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The Atacama Cosmology Telescope: measurement and analysis of 1D beams for DR4
Abstract We describe the measurement and treatment of the telescope beams for the Atacama Cosmology Telescope's fourth data release, DR4. Observations of Uranus are used to measure the central portion (<12 ' ) of the beams to roughly -40 dB of the peak. Such planet maps in intensity are used to construct azimuthally averaged beam profiles, which are fit with a physically motivated model before being transformed into Fourier space. We investigate and quantify a number of percent-level corrections to the beams, all of which are important for precision cosmology. Uranus maps in polarization are used to measure the temperature-to-polarization leakage in the main part of the beams, which is ≲ 1% (2.5%) at 150 GHz (98 GHz). The beams also have polarized sidelobes, which are measured with observations of Saturn and deprojected from the ACT time-ordered data. Notable changes relative to past ACT beam analyses include an improved subtraction of the atmospheric effects from Uranus calibration maps, incorporation of a scattering term in the beam profile model, and refinements to the beam model uncertainties and the main temperature-to-polarization leakage terms in the ACT power spectrum analysis.
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Award ID(s):
Publication Date:
NSF-PAR ID:
10344977
Journal Name:
Journal of Cosmology and Astroparticle Physics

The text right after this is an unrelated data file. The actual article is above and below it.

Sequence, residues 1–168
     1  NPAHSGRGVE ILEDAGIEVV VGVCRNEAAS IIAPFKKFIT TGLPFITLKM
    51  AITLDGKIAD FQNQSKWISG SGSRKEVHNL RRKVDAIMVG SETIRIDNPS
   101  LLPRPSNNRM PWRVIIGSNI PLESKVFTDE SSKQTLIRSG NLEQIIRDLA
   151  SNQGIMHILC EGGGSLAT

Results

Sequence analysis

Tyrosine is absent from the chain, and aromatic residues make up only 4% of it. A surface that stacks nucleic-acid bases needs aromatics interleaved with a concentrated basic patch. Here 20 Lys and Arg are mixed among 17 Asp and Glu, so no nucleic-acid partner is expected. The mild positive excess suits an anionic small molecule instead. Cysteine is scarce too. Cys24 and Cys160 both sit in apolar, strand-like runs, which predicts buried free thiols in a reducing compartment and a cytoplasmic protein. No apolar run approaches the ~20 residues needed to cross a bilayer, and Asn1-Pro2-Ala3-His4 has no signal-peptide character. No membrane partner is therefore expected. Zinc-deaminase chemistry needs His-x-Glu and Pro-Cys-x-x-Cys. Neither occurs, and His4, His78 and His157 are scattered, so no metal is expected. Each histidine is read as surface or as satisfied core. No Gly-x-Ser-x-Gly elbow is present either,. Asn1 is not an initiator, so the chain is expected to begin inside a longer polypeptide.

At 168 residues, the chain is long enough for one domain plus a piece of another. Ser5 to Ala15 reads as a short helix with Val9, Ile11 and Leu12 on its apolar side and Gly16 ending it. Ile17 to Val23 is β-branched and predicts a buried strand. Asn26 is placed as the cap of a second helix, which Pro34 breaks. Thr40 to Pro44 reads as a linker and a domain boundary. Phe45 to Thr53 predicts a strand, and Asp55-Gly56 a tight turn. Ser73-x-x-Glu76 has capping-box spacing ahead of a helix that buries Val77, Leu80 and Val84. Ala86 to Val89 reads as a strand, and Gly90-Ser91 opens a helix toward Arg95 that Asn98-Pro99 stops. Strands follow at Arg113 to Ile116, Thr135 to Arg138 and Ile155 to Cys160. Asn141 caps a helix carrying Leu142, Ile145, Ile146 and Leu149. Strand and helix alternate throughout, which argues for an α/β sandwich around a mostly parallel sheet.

Volume:
2022
Issue:
05
Page Range or eLocation-ID:
044
ISSN:
1475-7516
The Cosmology Large Angular Scale Surveyor (CLASS) observes the polarized cosmic microwave background (CMB) over the angular scales of 1° ≲θ≤ 90° with the aim of characterizing primordial gravitational waves and cosmic reionization. We report on the on-sky performance of the CLASSQ-band (40 GHz),W-band (90 GHz), and dichroicG-band (150/220 GHz) receivers that have been operational at the CLASS site in the Atacama desert since 2016 June, 2018 May, and 2019 September, respectively. We show that the noise-equivalent power measured by the detectors matches the expected noise model based on on-sky optical loading and lab-measured detector parameters. Using Moon, Venus, and Jupiter observations, we obtain power to antenna temperature calibrations and optical efficiencies for the telescopes. From the CMB survey data, we compute instantaneous array noise-equivalent-temperature sensitivities of 22, 19, 23, and 71$μKcmbs$for the 40, 90, 150, and 220 GHz frequency bands, respectively. These noise temperatures refer to white noise amplitudes, which contribute to sky maps at all angular scales. Future papers will assess additional noise sources impacting larger angular scales.